The season of Lent bears an overall character of introspection and self-examination. When the attention of the psyche turns inward, one finds an initial sense of alienation and emptiness, a yearning for something only vaguely formulated that we intuitively know would bring true wholeness and fill the emptiness we feel. Such, for the Gnostic, is the yearning for God. It is the longing for the healing of a separation that is felt on both a personal and a collective level. The healing of this separation is symbolised in the image of the Bridal Chamber in the Valentinian writings and the union with the Light-Twin in the stories of Mani. more


"The message of Palm Sunday is the recognition that we can become authentically translucent to our interior light of being, which, shining outward, allows us to see through the worldly and temporal reality to the eternal things that are truly real."

 The Temporary Triumph of the Light before its Obscuration:   A Homily for Palm Sunday

Palm Sunday marks the beginning of Holy Week. Holy Week recounts a complex and meaningful series of mythic events which lead to the Resurrection on Easter Day. Palm Sunday represents a preparation, a setting up, for the Resurrection to occur. As Gnostics we may differ from the mainstream in our interpretation of these events, as to whether they are literal history or strictly symbolic, or something in between. What is important for us to focus on is that these events recount an interior experience of archetypal dimensions. It does not matter if the events of Holy Week are historical or purely mythical; they have a deep and archetypal meaning to the Gnostic soul. The series of events in Holy Week, beginning with Palm Sunday, describe a process of our own apotheosis and psychological transformation. Blind belief in historical events is not going to transform us; we must cultivate an experience of this archetypal reality. For this reason we celebrate Palm Sunday not as a commemoration of an historical event but as an archetypal mystery and another step in the process of psychological and spiritual transformation. more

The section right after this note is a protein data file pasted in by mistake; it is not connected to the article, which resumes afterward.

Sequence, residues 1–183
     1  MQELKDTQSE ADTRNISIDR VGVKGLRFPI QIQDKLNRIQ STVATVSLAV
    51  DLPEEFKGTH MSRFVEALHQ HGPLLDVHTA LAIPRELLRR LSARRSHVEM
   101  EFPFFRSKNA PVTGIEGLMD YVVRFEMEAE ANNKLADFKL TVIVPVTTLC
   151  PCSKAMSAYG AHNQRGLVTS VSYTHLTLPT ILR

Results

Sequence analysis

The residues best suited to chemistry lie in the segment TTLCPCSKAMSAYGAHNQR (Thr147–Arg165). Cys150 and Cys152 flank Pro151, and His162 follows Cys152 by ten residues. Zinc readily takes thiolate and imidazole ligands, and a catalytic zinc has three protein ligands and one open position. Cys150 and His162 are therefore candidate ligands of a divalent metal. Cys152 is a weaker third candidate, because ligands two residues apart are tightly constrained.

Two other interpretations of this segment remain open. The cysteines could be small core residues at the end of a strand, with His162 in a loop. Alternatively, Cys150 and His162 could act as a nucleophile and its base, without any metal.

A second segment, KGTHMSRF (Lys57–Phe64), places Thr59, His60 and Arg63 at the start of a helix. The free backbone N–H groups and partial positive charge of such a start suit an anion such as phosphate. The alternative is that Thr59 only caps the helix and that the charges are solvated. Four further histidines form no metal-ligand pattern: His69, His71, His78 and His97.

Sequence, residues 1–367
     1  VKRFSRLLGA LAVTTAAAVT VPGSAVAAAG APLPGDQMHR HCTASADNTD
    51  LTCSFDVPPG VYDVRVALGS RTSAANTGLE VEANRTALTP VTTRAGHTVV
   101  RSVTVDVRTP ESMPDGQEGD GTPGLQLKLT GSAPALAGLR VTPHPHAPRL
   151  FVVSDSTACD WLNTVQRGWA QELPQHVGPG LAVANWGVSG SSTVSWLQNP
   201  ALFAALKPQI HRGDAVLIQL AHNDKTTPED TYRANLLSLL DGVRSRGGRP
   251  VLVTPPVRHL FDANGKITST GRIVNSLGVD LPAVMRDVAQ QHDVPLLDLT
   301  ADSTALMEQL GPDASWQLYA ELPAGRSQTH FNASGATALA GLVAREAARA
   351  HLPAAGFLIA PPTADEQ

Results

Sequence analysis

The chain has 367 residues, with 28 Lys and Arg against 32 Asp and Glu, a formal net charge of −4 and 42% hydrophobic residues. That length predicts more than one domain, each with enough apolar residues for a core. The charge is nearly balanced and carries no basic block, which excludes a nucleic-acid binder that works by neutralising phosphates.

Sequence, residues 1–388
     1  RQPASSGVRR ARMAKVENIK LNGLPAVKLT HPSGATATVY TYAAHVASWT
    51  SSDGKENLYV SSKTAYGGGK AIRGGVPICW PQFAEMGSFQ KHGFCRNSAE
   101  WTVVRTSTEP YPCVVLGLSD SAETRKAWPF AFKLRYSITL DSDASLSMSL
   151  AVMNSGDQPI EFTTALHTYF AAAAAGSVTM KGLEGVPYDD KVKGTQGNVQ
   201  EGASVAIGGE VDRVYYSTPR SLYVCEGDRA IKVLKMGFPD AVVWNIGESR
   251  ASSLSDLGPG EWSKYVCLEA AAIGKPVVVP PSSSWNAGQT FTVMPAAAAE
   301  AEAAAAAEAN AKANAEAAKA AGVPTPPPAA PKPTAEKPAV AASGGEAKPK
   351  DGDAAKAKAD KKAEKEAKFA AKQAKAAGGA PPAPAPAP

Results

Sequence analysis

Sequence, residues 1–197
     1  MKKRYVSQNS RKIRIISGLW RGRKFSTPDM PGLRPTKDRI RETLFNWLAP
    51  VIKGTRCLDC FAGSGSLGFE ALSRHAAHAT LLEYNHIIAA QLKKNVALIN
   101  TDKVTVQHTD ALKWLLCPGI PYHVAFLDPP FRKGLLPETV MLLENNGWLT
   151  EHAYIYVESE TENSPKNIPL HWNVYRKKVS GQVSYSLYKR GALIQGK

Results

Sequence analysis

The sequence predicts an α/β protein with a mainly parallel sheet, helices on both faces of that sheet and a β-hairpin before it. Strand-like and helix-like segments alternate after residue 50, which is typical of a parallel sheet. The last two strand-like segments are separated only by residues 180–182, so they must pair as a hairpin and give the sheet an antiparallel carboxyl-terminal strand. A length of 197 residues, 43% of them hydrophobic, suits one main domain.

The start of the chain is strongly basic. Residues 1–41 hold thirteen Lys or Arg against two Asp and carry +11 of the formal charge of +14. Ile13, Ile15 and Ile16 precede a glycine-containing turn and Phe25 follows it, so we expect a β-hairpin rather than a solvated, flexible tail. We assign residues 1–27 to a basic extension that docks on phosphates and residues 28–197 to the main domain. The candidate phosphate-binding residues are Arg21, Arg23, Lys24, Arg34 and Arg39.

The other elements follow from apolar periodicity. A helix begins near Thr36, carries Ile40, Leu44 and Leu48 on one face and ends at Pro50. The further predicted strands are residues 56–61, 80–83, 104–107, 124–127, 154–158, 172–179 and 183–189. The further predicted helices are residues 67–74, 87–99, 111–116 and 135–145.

The Inner Resurrection:   A Homily for Easter